Red flags, also known as warning signs, demonstrate an unbalanced relationship in which one partner is attempting to control the other.  If you feel: threatened at times, isolated, unable to be independent, afraid at times, pressured into situations you're uncomfortable in, like your opinion is not valued, or that things have changed in a negative manner, these could be red flags.


Green flags are signs of a healthy relationship. Some examples include feeling: safe to be your true self, respected, happy, in sync with your partner, challenged in a positive way, or comfortable to make sacrifices that benefit all parts of the relationship.


1 in 4 women and 1 in 7 men experience intimate partner violence in their lifetime. It is important to recognize that intimate partner violence and domestic violence impact people of all genders.


Recent research shows that LGBTQIA+ members fall victim to domestic violence at equal or even higher rates compared to heterosexual individuals. 43.8% of lesbian women and 61.1% of bisexual women have experienced rape, physical violence and/or stalking from an intimate partner. 26% of gay men and 37.3% of bisexual men also report experiencing intimate partner violence during their lifetime. Research also shows that individuals that identify as transgender/non-binary are more likely to experience intimate partner violence in a public setting.


It is so incredibly important to understand that leaving is the most dangerous time for survivors of domestic violence. Many different factors stop people from leaving unsafe situations, spanning from: general safety risks, nowhere to go or stay, children's safety, financial dependence, feelings of shame, lack of support, and/or fear of disclosing the abuse with family or friends.


A safety plan is a personalized, practical plan that includes ways to remain safe while in a relationship, planning to leave, or after you've left. Safety planning involves how to cope with emotions, telling friends and family about the abuse, taking legal action, and more. For help with safety planning, speak with an advocate today at 1-877-442-9811 or 479-442-9811.


You can help survivors by continuing to learn about the impacts of domestic violence and intimate partner violence, learning how to recognize the warning signs, starting conversations with your friends and family about these issues, volunteering with Peace at Home, or making a gift in support of survivors rebuilding their lives after abuse. You can also follow us on social media to stay updated on events and to access bite-sized educational materials!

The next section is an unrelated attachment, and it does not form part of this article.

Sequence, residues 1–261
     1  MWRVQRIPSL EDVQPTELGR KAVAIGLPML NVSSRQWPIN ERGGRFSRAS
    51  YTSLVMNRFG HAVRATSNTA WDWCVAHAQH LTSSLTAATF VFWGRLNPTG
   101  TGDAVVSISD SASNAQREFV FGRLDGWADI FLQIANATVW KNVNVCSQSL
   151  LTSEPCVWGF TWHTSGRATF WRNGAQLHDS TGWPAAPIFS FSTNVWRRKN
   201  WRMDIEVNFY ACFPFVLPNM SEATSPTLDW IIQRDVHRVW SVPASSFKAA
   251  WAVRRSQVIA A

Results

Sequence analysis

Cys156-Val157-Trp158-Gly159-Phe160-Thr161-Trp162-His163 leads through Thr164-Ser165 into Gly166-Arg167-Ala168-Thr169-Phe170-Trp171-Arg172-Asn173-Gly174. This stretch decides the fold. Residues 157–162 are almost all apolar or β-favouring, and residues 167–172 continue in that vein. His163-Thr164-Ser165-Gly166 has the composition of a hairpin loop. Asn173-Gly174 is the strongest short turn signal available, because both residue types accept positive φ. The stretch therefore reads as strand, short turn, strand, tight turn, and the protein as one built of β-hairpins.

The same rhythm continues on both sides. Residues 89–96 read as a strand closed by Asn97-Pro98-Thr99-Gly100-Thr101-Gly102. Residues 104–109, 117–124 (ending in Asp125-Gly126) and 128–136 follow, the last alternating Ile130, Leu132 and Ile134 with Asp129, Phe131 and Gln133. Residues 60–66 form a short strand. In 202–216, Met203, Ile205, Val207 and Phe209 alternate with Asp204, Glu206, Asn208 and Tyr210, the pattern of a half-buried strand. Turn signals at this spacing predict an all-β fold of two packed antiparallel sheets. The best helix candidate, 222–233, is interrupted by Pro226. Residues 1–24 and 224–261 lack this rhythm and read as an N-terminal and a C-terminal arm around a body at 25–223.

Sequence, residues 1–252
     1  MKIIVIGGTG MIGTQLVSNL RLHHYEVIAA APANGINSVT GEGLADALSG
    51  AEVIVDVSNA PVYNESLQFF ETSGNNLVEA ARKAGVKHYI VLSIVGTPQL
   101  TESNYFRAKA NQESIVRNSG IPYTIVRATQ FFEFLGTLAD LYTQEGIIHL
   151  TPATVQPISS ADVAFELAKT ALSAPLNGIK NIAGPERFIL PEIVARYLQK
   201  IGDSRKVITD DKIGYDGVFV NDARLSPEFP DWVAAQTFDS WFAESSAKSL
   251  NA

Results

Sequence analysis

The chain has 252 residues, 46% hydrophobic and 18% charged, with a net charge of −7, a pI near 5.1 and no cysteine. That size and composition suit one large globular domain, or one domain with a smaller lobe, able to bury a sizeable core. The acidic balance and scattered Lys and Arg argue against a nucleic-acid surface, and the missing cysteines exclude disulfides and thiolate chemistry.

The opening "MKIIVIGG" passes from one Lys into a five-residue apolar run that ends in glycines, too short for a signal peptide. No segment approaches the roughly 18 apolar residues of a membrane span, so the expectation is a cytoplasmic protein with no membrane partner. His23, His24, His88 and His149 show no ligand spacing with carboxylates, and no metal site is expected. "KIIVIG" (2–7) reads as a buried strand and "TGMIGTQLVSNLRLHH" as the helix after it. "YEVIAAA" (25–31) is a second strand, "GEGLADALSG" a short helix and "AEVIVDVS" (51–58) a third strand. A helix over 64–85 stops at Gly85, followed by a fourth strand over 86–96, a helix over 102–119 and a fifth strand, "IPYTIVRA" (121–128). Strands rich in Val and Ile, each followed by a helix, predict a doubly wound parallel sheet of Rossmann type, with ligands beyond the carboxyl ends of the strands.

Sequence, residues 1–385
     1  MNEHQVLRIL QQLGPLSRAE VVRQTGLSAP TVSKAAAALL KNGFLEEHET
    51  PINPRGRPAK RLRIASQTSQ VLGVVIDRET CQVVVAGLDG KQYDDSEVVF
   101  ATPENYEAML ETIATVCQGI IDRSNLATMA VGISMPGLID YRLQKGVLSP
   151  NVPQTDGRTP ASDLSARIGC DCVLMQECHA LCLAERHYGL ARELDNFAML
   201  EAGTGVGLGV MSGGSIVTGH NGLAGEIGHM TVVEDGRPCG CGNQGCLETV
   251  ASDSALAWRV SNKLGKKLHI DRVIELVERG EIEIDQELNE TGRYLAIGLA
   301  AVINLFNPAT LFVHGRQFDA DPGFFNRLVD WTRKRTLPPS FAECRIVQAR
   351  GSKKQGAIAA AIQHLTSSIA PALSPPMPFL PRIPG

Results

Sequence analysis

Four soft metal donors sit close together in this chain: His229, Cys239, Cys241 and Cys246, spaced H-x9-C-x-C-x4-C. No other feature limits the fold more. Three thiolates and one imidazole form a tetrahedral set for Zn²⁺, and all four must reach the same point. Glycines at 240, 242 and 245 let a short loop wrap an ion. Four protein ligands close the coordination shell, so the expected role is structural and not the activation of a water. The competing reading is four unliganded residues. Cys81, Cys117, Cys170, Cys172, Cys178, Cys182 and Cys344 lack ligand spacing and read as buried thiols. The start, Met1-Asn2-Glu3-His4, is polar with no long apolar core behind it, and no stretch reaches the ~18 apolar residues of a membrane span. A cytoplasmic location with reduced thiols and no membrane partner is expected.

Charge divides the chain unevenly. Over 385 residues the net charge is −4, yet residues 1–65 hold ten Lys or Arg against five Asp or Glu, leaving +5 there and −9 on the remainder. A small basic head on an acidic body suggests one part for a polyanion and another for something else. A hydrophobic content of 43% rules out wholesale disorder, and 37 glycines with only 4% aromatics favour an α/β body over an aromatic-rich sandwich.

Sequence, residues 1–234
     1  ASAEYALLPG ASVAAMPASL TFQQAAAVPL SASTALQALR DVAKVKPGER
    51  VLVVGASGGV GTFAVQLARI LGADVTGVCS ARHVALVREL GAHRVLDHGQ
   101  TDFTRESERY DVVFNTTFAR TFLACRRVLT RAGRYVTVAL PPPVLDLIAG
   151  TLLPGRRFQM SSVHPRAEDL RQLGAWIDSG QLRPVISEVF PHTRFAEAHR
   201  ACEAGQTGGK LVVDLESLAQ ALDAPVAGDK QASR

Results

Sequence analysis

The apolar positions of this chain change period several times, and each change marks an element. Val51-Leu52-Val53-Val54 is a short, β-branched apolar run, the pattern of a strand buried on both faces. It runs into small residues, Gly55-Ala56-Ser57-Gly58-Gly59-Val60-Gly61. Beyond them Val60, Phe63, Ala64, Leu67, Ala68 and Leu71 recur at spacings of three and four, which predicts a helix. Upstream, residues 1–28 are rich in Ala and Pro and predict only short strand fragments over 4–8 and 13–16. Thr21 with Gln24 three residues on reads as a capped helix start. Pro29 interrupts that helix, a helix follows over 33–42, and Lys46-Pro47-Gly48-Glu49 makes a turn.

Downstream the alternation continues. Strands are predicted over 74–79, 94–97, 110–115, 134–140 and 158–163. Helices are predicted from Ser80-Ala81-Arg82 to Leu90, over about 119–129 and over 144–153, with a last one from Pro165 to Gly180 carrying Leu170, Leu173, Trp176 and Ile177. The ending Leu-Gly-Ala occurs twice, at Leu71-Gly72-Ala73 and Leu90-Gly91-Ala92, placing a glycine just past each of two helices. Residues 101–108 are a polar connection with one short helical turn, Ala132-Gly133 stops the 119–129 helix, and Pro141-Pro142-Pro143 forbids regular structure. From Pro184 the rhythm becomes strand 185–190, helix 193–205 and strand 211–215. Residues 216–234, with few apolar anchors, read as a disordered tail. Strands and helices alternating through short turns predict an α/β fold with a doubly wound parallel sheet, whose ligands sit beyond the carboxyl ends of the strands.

Educational Resources

We offer online training for groups and organizations interested in learning more about Peace at Home and domestic violence issues. Current training sessions include: 
Introduction to Peace at Home: EXPLAINS our programs, philosophy, impact, and ways to get involved.

INTRODUCTION TO Domestic Violence: covers the basics of abuse, warning signs of unhealthy relationships, types of abuse, and the cycle of violence. This training is a great way to engage in conversation about violence in our community.
Everyday Allyship: presents information about supporting friends and loved ones through unsafe relationships and provides a look into how our community members can better promote healthy relationships.


To schedule a training or request materials for your organization, please fill out this form or contact Abbey Underwood, our Community Education Coordinator, at


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Domestic Violence

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The Cycles 

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Healthy vs Unhealthy

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Litigation Abuse


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Personal Safety Plan